# Relational Parsing, part 0, recognizer

Examining relational parsing, a new general context-free parsing algorithm.

I will write a recognizer in haskell, and iterate through the design. I'm not certain I got it correct, so please examine the paper for details. They've done a good job explaining it, but I'm dumb and I had to guess some details.

Throughout the session, I will use the same grammar described here.

`Elem0 -> Elem1`

`Elem0 -> Elem1 Plus Elem0`

`Elem1 -> Elem2`

`Elem1 -> Elem2 Mul Elem1`

`Elem2 -> Term`

`Elem2 -> LeftP Elem0 RightP`

IMPORTANT! Left-recursive grammars require extra attention.

Our final module is going to use sets, maps and state.

`module Recognizer where`

`import qualified Data.Set as Set`

`import qualified Data.Map as Map`

`import Control.Monad.State.Lazy`

Symbols need to be described in Haskell:

`data S = Elem0 | Elem1 | Elem2 | Term | Plus | Mul | LeftP | RightP`

`deriving (Show, Eq, Ord)`

`type Token = S`

The key concept of the algorithm is the left linear closure. It consists from derivation steps that are left-linear: they start with a terminal symbol. We can define it for our grammar as follows:

`left_linear_closure :: S -> [[S]]`

`left_linear_closure Elem0 = [`

`[Term],`

`[LeftP, Elem0, RightP],`

`[Term, Mul, Elem1],`

`[LeftP, Elem0, RightP, Mul, Elem1],`

`[Term, Plus, Elem0],`

`[LeftP, Elem0, RightP, Plus, Elem0],`

`[Term, Mul, Elem1, Plus, Elem0],`

`[LeftP, Elem0, RightP, Mul, Elem1, Plus, Elem0]]`

`left_linear_closure Elem1 = [`

`[Term],`

`[LeftP, Elem0, RightP],`

`[Term, Mul, Elem1],`

`[LeftP, Elem0, RightP, Mul, Elem1]]`

`left_linear_closure Elem2 = [`

`[Term],`

`[LeftP, Elem0, RightP]]`

`left_linear_closure Term = [[Term]]`

`left_linear_closure Plus = [[Plus]]`

`left_linear_closure Mul = [[Mul]]`

`left_linear_closure LeftP = [[LeftP]]`

`left_linear_closure RightP = [[RightP]]`

The paper combines the left-linear closure with a derivation step. It takes a set of words in a language and produces an another language with the symbol chopped off from the front.

`derive :: [[S]] -> S -> [[S]]`

`derive xs s = foldl step [] xs`

`where step :: [[S]] -> [S] -> [[S]]`

`step xxs (x:xs) | (x == s) = (xs:xxs)`

`step xxs xs = xxs`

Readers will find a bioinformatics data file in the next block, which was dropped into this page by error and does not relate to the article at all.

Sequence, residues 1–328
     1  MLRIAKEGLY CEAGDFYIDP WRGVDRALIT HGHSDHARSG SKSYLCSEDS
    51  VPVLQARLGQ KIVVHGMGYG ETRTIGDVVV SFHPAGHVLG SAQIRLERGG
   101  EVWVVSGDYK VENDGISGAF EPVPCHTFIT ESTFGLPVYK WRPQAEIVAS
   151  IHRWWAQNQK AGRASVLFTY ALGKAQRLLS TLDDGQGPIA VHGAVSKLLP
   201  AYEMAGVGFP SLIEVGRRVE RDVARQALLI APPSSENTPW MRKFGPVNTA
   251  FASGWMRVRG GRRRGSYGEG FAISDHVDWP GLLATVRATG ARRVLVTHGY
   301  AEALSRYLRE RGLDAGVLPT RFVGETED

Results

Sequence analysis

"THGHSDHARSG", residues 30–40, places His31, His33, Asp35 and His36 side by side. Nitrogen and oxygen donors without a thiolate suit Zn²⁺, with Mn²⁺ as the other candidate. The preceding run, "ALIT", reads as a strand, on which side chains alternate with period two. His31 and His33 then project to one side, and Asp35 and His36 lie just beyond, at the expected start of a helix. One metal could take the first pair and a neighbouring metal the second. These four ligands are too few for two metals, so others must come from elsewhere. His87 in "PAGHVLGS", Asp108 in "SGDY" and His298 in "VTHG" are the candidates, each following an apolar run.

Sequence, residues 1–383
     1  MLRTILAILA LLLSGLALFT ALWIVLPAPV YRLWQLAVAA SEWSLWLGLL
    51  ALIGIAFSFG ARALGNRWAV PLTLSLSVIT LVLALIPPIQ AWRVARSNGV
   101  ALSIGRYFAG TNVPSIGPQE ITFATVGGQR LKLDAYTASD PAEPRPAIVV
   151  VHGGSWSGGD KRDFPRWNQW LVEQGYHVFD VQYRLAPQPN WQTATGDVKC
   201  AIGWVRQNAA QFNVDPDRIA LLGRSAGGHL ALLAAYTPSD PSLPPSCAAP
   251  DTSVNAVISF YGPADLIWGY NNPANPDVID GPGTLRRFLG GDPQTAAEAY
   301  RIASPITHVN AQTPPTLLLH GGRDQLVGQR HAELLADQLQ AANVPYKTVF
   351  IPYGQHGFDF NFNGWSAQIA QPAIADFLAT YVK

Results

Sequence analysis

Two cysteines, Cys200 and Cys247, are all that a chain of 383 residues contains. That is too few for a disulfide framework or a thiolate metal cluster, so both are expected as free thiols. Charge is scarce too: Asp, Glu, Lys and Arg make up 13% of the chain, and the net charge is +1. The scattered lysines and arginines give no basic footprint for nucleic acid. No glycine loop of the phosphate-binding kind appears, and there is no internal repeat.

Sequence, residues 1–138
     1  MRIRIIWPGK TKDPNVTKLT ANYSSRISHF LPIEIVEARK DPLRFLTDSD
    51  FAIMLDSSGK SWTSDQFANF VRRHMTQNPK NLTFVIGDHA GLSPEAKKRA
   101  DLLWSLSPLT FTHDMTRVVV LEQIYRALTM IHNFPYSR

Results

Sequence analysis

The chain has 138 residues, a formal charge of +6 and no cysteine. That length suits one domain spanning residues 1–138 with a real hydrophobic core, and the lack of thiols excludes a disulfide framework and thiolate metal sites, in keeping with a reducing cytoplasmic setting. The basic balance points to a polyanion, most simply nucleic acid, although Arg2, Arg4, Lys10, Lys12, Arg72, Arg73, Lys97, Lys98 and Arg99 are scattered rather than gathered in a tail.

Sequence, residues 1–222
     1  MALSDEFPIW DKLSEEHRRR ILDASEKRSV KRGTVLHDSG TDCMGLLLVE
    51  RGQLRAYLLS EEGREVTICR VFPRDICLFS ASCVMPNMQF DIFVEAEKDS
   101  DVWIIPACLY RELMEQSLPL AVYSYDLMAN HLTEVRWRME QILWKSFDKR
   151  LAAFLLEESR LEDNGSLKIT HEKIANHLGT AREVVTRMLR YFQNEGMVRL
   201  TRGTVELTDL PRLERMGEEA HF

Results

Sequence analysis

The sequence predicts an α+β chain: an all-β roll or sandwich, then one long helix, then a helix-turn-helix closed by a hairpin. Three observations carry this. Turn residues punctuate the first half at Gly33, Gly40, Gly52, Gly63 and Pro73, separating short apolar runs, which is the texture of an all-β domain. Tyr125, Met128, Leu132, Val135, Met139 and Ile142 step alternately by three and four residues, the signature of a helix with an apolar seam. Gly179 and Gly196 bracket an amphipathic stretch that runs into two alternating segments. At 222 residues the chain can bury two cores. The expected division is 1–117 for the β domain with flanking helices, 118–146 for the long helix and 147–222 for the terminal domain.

We define a starting language, this is empty-string-parsing.

`start :: [[S]]`

`start = [[Elem0]]`

And we need to list the symbols because we're iterating through them in each parsing step:

`symbols :: [S]`

`symbols = [Elem0, Elem1, Term, Plus, Mul, LeftP, RightP]`

For a start, we're going to use an inefficient language model, our language is going to be a set of words. just to show off the principle by which this algorithm works.

`data Lang = Lang {unlang :: [[S]]} deriving (Show)`

The recognizer algorithm is exactly like it's in the paper.

`recognize :: [Token] -> Bool`

`recognize ts = epsilon (foldl step init ts)`

`where init :: Lang`

`init = prepend start root`

`step :: Lang -> Token -> Lang`

`step lang t = foldl (union_each (rstep lang t)) empty symbols`

`union_each :: (S -> Lang) -> Lang -> S -> Lang`

`union_each f lang' s = union lang' (f s)`

`rstep :: Lang -> Token -> S -> Lang`

`rstep lang t s = prepend`

`(left_linear_closure s `derive` t)`

`(derivative lang s)`

The 'rstep' captures the essence of the algorithm. For each symbol, we're chopping off a nonterminal/terminal, to replace it with its left linear closure derived by a given terminal symbol.

Stub implementation follows for the language model:

`root :: Lang`

`root = Lang [[]]`

`prepend :: [[S]] -> Lang -> Lang`

`prepend l (Lang lang) = Lang $ do h <- l`

`t <- lang`

`pure (h <> t)`

`derivative :: Lang -> S -> Lang`

`derivative (Lang lang) s = Lang (derive lang s)`

`empty :: Lang`

`empty = Lang []`

`union :: Lang -> Lang -> Lang`

`union (Lang a) (Lang b) = Lang (a <> b)`

`epsilon :: Lang -> Bool`

`epsilon (Lang a) = any (==[]) a`

Finally lets test that it recognizes strings from our language.

`test = recognize [LeftP, Term, Plus, Term, RightP]`

This concludes the outline of the recognizer algorithm. Next we're going to refine it

## Splitting the language model

If we look at the simple language model,
the most expensive part it goes through is the `prepend`

-step.

We shall approach the shape described in the paper.

`data Lang = Lang {unlang :: Set.Set ([S], Lang), epsilon :: Bool} deriving (Show, Ord, Eq)`

Epsilon describes whether the language contains the empty word, if it does, it means the string is being recognized. Recognizer stays intact, but our language model changes.

`root :: Lang`

`root = Lang (Set.empty) True`

`prepend :: [[S]] -> Lang -> Lang`

`prepend seq lang = foldl union empty (fmap step seq)`

`where step :: [S] -> Lang`

`step [] = lang`

`step xs = Lang (Set.singleton (xs, lang)) False`

`derivative :: Lang -> S -> Lang`

`derivative (Lang slang _) s = foldl union empty (Set.map step slang)`

`where step :: ([S], Lang) -> Lang`

`step ([x], lang) | (x == s) = lang`

`step ((x:xs), lang) | (x == s) = Lang (Set.singleton (xs, lang)) False`

`step (xs, lang) = empty`

`empty :: Lang`

`empty = Lang Set.empty False`

`union :: Lang -> Lang -> Lang`

`union (Lang a e1) (Lang b e2) = Lang (a <> b) (e1 || e2)`

## Inserting reference numbers

The model forms a DAG, where lot of things are being shared between structures. Also, once structures are created they do not change. We'd like to exploit this by numbering our language models. For that we're going to create labeled references.

`data LangRef = LangRef {langid :: Int, unref :: Lang} deriving (Show)`

`instance Eq LangRef where`